Xi Jinping needs a trade deal just as much as Donald Trump does

While elected leaders can blame predecessors in bad times, Beijing must appear unfailing

Raghuram Rajan


US president Donald Trump meets his Chinese counterpart Xi Jinping in Beijing in 2017. The Chinese administration is probably at least as politically constrained as the US © AFP


The outcomes of the trade negotiations between China and the US depend to some extent on which country is more eager to reach an agreement. That country will, arguably, come away with less.

Although the trade tariffs hurt China more, it seems at first glance that the US should be more eager to reach agreement. After all, the thinking goes, President Donald Trump has to fight elections soon, while his Chinese counterpart, Xi Jinping, does not. The Communist regime can take a longer-term view, disregarding the effect on its people.

Such thinking is deeply flawed. While Mr Trump may indeed settle for an easy, cosmetic win — without securing serious and verifiable measures to check Chinese expropriation of intellectual property — this may have more to do with the president’s personality than any intrinsic weakness of democracies in bargaining with unelected regimes.

The administration of a democratic country enjoys something an unelected leadership does not: the automatic legitimacy of being in power having won an election. For the unelected regime, legitimacy has to be earned constantly through competent leadership. The regime can, of course, suppress mass public protest with force, but this is extremely costly and risks loss of control. Far better to enjoy widespread popularity so that the costs of repressing a small number of critics are kept low.

Not only might the horizons of the leaders of the Chinese Communist party on matters of jobs and economic growth be just as short as those of democratic politicians, their choices may be more circumscribed. A democratic leader can blame a sequence of errors by previous administrations for the current parlous state of the stock market and the economy. Mr Trump can (and does) blame his predecessors for negotiating bad trade deals. And, while he currently uses the stock market as a barometer of his administration’s success, he may stop doing so if it turns south. Such flexibility in allocating blame gives democratic leaders some freedom of action.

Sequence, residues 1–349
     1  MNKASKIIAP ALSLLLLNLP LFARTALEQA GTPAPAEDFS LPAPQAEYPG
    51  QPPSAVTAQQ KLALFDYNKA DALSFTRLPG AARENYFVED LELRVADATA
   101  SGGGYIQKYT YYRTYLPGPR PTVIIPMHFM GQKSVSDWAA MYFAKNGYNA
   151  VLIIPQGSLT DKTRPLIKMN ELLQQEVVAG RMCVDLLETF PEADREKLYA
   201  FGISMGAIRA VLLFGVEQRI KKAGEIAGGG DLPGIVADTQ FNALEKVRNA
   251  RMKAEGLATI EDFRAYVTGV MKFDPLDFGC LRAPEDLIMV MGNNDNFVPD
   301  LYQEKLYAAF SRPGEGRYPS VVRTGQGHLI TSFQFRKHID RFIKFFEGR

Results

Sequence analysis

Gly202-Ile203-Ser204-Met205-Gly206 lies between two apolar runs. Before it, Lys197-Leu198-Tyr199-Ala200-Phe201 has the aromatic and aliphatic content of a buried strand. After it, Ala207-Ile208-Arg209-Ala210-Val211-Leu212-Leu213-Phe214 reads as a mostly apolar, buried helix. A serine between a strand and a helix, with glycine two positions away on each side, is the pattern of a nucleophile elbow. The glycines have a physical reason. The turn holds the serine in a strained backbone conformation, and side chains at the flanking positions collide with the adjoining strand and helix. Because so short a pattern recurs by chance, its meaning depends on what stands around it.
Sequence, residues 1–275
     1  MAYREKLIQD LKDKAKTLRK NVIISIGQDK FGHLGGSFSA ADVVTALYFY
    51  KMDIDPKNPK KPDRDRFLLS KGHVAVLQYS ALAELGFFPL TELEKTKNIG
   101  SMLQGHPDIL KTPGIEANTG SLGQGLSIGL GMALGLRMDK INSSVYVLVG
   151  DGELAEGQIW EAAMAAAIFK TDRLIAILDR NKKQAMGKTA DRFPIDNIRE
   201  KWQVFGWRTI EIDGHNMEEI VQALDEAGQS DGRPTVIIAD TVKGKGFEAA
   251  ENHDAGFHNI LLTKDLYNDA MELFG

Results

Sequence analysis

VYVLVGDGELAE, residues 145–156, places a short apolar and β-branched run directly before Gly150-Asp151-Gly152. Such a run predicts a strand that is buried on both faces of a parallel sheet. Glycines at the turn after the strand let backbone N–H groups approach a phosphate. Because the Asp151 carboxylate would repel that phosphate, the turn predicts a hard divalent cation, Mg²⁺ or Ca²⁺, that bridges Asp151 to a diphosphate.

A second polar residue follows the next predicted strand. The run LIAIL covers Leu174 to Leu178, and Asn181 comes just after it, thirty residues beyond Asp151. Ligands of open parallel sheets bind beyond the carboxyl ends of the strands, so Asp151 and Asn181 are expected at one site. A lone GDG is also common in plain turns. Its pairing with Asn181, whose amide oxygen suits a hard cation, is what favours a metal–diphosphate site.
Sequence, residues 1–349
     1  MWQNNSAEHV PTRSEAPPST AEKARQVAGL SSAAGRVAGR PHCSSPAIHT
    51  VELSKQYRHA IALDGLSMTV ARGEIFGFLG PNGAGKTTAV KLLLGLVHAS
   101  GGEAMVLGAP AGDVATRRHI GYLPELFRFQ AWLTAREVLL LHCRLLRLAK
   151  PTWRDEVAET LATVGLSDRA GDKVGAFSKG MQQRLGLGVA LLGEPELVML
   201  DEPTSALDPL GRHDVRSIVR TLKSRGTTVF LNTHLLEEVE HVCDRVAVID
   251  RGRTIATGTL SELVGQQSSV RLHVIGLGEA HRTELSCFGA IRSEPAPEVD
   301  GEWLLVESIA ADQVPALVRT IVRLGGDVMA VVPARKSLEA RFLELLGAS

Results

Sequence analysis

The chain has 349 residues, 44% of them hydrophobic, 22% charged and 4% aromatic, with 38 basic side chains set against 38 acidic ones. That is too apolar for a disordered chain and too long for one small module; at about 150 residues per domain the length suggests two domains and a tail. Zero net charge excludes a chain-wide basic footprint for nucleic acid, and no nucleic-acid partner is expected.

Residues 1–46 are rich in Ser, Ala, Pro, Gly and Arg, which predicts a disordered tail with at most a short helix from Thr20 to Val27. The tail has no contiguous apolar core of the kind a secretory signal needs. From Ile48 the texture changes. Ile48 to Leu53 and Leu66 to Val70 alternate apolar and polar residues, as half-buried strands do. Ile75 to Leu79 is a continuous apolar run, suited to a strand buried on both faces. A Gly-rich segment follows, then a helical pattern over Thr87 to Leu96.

By contrast, even though Mr Xi inherited an over-leveraged economy, he cannot blame his predecessors for the difficult hand he was dealt or for the current slowdown. They too were from the party, and if the party is fallible, does it not follow that people should have the right to vote for a different regime?

He has to maintain the fiction that the party has always made the best decision under the circumstances. That means the Chinese administration has to rescue the stock market if it tanks, and flood the economy with stimulus if growth slows significantly. In fact, it has very short horizons when reacting to potentially adverse economic developments. Chinese investors, confident that the government will bail them out if too many fail, pile in to risky assets without adequate diligence or fear, preventing Chinese markets from allocating capital appropriately.

Mr Xi’s tight control over policy also makes it hard to diffuse blame. He must defend his own departure from his predecessor Deng Xiaoping’s dictum that to prosper, China should hide its capabilities and bide its time. From his early days in power, Mr Xi asserted that “the Chinese nation has gone from standing up, to becoming rich, to becoming strong”. Some argue his actions have been tantamount to waving a red rag at the Americans, and are directly responsible for today’s trade imbroglio. To quell criticism that he has dragged China’s growth down by challenging the US geopolitically too soon, Mr Xi needs a positive resolution to the conflict.

None of this is to suggest that China behaves as if it is a democracy. It has a repressive apparatus to keep dissidents and minorities in place. But it does need to keep a broad majority satisfied.

To be sure, the Chinese Communist party has earned its legitimacy after 40 years of expansion. Against the odds, the party is largely a meritocracy. The Chinese people are probably willing to cut it substantial amounts of slack. Yet the system works because no recent leader has taken that slack for granted.

What does this mean for the trade negotiations? The Chinese administration is probably at least as politically constrained as the US. On the one hand, the Chinese are likely to be concerned about the adverse effects of the Trump tariffs on growth, investment, and employment, and would be hesitant to have citizens suffer much longer. Mr Xi is probably just as eager as Mr Trump for a deal.

On the other, the Chinese are unlikely to accept anything that seriously compromises China’s future. Mr Xi has to sell the agreement at home — after all, he does report periodically to the National People’s Congress, which starts meeting this week, and the Chinese people are also paying attention. So to predict the outcome of this negotiation, it is best to treat Mr Xi as just another politician.


The writer is author of ‘The Third Pillar: How Markets and the State Leave the Community Behind’


Inversions and aversions